Storm water runoff carries pollutants in the form of sediments, chemicals, oil and gasoline through the storm sewers directly into our waterways. How can we stop it? How can we use it?
About 0.3 inches of rainfall from the average home roof will fill a rain barrel. The water can then be used for a variety of purposes: refilling a water feature or watering the garden with clean, soft, chlorine-free rain water.
Request a free rain barrel and learn how to set it up here. While the rain barrel is free, you will need to visit a hardware store for the materials to make it functional. Full instructions are on the website.
Another option is to put in a rain garden. (Click here to see a wonderful interactive illustration of a rain garden by the UNL Extension Office.) Rain gardens capture runoff from the roof, driveway, and other impervious surfaces in the landscape, filtering out pollutants as they replenish groundwater. Rain gardens absorb runoff 30 to 40 percent more efficiently than a standard lawn, add beauty, and draw birds, butterflies and beneficial insects to your yard. And who doesn't want to mow less lawn? If you have a large area to drain, you may want more than one rain garden to handle the runoff.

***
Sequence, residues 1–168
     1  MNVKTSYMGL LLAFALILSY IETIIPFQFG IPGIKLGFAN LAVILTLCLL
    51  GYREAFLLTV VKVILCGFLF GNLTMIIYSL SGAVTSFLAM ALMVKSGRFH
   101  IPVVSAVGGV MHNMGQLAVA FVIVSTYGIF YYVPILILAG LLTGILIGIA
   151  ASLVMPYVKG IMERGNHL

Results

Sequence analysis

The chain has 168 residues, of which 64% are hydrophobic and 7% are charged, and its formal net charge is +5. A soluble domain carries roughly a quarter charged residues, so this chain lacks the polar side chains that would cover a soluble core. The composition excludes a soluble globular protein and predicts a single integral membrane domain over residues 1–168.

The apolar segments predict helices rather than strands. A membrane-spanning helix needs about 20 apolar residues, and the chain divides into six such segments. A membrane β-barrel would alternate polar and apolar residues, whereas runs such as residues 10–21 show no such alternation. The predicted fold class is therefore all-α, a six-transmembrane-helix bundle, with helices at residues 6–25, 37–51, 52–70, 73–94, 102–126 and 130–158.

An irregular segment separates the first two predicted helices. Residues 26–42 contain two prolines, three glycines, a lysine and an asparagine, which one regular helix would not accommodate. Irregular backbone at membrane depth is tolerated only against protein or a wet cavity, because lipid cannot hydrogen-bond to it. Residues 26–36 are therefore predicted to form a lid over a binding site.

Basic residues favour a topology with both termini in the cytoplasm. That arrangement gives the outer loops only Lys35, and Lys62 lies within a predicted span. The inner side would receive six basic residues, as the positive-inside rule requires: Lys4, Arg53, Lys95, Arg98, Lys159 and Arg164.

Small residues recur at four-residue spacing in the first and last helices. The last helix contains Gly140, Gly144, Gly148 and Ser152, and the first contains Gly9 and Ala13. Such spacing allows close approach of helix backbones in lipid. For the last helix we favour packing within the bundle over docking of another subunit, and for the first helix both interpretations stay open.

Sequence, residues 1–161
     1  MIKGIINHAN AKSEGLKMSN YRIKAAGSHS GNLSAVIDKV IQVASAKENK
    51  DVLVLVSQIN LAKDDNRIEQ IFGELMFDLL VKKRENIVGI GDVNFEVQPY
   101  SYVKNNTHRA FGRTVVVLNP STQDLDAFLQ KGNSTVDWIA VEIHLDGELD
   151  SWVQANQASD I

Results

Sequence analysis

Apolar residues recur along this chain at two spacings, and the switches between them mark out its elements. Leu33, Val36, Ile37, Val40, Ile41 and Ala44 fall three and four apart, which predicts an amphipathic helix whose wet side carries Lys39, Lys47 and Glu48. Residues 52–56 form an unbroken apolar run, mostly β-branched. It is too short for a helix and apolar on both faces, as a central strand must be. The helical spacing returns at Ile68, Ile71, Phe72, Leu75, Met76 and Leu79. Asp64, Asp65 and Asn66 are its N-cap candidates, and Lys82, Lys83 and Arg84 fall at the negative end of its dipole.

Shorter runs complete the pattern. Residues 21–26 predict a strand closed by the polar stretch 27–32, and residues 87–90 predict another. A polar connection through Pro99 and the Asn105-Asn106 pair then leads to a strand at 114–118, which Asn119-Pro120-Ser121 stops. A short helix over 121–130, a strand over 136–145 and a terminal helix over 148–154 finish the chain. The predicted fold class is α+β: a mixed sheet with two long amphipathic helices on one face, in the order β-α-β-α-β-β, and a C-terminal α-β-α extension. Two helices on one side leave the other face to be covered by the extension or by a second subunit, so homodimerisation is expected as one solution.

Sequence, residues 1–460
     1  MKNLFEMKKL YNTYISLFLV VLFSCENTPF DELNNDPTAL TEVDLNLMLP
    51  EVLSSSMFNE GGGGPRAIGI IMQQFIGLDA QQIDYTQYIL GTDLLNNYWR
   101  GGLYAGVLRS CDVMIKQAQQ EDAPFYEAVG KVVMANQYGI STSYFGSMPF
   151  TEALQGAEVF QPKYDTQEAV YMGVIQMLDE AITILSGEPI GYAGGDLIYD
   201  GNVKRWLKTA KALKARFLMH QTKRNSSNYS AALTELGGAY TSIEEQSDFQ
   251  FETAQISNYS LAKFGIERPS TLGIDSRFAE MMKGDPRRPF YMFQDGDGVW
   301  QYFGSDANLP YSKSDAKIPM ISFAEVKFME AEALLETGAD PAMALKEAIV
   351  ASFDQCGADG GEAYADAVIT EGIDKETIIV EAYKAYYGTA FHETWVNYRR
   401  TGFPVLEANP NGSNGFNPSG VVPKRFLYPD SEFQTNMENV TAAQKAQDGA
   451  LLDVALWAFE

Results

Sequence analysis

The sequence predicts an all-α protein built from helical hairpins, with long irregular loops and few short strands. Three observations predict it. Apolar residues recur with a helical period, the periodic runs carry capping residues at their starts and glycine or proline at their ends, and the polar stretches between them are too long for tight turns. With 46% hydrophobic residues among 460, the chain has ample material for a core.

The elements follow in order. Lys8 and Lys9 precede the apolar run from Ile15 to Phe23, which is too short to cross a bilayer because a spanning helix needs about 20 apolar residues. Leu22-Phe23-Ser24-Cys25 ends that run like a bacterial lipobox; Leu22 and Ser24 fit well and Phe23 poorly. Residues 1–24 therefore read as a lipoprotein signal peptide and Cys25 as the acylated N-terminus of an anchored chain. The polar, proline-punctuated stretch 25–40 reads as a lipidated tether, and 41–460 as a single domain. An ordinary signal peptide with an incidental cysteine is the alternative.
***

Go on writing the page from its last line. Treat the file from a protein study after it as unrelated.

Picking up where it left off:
Rain gardens contain native plants that can withstand both wet feet and dry spells, with deep roots that increase the permeability of the soil. Once established, rain gardens only need some routine maintenance -- removing weeds and watering occasionally if there is no rain. And did I mention having less lawn to mow?
The next time it rains, take a look at how your home drains storm water, and see where you might want to put a rain garden. It can be done inexpensively, following directions from the UNL Extension Office. Be sure to locate utilities here before you start to dig.
If you would like to see an example, UNMC has a rain garden on the north side of the Student Life Center, east of the entrance.